Alex Bond says chefs aren't just grunting knobs anymore

Tanwen Dawn-Hiscox

Tanwen Dawn-Hiscox

Deputy Editor

Alex Bond is the chef and owner of Alchemilla in Nottingham.

We spoke to Alex shortly before Michelin surprised him by giving him a star in person, days before the awards ceremony.

Not to discount his success, the chef said that if he had any advice to give his younger self, it would be to listen more. 

"You're just a f**king knob at 18 aren't you. Although I knew what I wanted to do, I was never one of those driven people, it would have been good to focus."


It is fair to say that the chef learned from some of the greats: Jeff Baker at 42 The Calls taught him the value or rigour and organisation; at Anthony's, in Leeds, when kitchens working at a molecular level were few and far between, he learnt a unique way of looking at ingredients. Sat Bains gave him more creative freedom, encouraging him to try new things - which is something he applies at Alchemilla. 

"That's the only way to do it, writing things down is okay but then at some point you've got to then just make it."

Yuzu, pine, Swiss meringue


As for what else he tries to instill in his team, one is a sense of responsibility - which he thinks is more successful than the old-school way of ruling with an iron fist. 

"I know it sounds a bit daft but I just tell them when I'm pissed off, I don't shout at them. I just explain why it's important to me or my business or my pocket or their fellow member of staff or whatever it is, to just allow people to understand what you're saying rather than just calling them a c**t."

"I've worked in kitchens when you don't even know who's getting shouted at anymore, you're just like: 'oh, who's getting bollocked' - it's so often that it's just water off a duck's back."

"When I do it, they all listen and it's like 'oh shit.'"

For Alex, the clamour that surrounded Marco Pierre White's comments about women in the kitchen a few months ago just goes to show that the industry has come a long way.

"Marco Pierre White is an old man. He created pressure, he created f***ing bulls**t for no reason."

"We're not at a time when chefs were chefs because they had nought else to do. I've got intelligent young people in my kitchen who are emotionally aware and can hold an intelligent conversation about current affairs and the education system - it's not just grunting knobs anymore."

"That has an impact on how inclusive kitchens are. Hopefully as more people can see that I think that will draw more women into the industry. I think I totally understand why more women don't want to go into the industry - it takes a very specific type of woman to deal with the old school mentality of a kitchen." 

Pineapple rib tomato, lovage, buttermilk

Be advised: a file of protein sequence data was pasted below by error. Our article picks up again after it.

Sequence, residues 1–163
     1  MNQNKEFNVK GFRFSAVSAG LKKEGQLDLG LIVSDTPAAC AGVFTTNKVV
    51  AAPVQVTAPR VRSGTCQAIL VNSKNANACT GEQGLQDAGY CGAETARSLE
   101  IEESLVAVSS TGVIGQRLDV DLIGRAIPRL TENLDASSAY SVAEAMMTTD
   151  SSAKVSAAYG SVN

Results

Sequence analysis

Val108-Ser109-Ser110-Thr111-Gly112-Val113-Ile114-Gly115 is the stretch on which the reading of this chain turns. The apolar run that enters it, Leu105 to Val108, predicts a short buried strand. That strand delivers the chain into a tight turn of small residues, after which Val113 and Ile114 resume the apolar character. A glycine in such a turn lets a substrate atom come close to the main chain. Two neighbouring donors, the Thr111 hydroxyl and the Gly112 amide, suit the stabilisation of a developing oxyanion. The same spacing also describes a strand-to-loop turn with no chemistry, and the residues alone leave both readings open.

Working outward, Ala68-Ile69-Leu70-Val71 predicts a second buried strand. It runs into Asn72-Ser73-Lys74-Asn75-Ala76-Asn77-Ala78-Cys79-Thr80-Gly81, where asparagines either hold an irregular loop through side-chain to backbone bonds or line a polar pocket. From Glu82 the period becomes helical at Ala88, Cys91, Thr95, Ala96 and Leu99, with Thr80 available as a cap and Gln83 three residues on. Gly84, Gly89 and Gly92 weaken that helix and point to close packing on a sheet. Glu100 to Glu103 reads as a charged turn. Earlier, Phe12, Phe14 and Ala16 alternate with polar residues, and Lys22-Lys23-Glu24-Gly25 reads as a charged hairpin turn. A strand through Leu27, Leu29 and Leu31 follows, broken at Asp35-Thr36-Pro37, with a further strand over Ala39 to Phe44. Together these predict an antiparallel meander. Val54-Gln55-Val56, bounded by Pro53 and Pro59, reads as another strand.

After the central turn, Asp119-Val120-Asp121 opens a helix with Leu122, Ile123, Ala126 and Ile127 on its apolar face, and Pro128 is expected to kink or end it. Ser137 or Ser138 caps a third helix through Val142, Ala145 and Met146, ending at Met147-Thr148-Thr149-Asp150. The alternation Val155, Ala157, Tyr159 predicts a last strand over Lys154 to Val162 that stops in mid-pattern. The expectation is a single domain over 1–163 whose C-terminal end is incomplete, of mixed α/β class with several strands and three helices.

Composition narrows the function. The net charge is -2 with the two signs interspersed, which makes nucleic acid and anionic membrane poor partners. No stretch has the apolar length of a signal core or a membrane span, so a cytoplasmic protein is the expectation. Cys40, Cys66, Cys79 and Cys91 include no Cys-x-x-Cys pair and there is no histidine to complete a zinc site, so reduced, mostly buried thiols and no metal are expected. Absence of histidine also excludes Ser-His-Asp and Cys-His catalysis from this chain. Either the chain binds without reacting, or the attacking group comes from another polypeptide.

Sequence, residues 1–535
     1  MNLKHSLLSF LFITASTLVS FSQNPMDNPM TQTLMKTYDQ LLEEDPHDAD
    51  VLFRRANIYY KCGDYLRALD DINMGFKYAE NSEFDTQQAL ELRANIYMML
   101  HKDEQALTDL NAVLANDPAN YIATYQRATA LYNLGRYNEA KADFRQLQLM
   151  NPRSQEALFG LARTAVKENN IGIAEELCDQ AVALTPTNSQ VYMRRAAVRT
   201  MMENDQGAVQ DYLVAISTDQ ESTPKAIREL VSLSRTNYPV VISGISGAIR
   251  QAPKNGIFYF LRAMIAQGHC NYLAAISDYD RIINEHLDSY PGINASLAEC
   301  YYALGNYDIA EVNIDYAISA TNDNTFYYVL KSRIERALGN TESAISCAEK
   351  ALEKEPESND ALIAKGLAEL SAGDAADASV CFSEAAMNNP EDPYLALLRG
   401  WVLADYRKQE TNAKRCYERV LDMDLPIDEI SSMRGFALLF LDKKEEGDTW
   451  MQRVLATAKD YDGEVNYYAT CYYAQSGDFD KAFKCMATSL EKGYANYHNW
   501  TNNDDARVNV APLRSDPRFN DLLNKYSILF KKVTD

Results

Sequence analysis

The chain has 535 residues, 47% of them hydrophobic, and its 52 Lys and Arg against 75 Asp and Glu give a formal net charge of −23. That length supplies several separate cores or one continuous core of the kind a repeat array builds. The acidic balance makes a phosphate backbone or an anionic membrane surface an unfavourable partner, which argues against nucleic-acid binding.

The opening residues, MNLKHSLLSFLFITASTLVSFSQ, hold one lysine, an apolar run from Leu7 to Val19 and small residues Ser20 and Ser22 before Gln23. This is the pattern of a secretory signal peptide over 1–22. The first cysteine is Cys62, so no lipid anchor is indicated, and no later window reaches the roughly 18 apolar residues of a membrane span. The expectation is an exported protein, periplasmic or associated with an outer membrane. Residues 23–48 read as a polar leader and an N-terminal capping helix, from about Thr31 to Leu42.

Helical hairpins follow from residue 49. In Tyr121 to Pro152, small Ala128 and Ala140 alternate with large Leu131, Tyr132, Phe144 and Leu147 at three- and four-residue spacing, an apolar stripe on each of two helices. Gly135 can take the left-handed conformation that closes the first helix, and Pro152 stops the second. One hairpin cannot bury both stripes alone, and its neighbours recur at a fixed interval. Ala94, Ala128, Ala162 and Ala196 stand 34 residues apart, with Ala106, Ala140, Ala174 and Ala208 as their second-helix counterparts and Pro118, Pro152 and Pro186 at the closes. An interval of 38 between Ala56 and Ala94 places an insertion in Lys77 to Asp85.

The difference between inspiration and plagiarism

Another characteristic of modern kitchens - especially in the Nordics, he said, is a willingness to share and learn together, rather than "hoarding recipes" as chefs did in the past.

"There's no use getting worried that people have done something you've done; just let them do what they do and move forwards and put things out to the world. It's good karma isn't it."

"I think that's how it should be, we should have more ability to talk and share. If somebody asks me for a recipe, I'll be like, yeah, I don't give a f**k, at the end of the day it's a recipe, if you want to make it and do something with it, what difference does that make to me."

"Obviously if it's something that's super original and someone just blatantly plagiarises it, that's a different story." 

The last dinner at Alchemilla

The next step for Alex could be a wine bar

21 years after he first stepped into a kitchen, and two years after opening Alchemilla, the chef is in no hurry to upheave things. Apart from opening a wine bar - which, he said, "is a real possibility" - he's happy to stay put. 

"I don't want to be pulled between different sites because obviously that just becomes a problem for me."

For Alex, following his mentors' lead is a good standard to hold himself to.

"Look at Sat, Sat's not done anything else, look at how amazing the restaurant he's created is, how much it's evolved and how much better it's got and how much - all of that is coming from a single focus."

"If you want to open a new restaurant every year that's fine, I'm not disrespecting any of it, you have to do what you have to do. That's not for me, certainly not now." 

The only that could tempt him away from his core focus, he quipped, would be to open a curry house. 

"I love eating curry. I could give you a curry house better than all the Indian restaurants in Nottingham."



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Tanwen Dawn-Hiscox

Tanwen Dawn-Hiscox

Deputy Editor 4th December 2019

Alex Bond says chefs aren't just grunting knobs anymore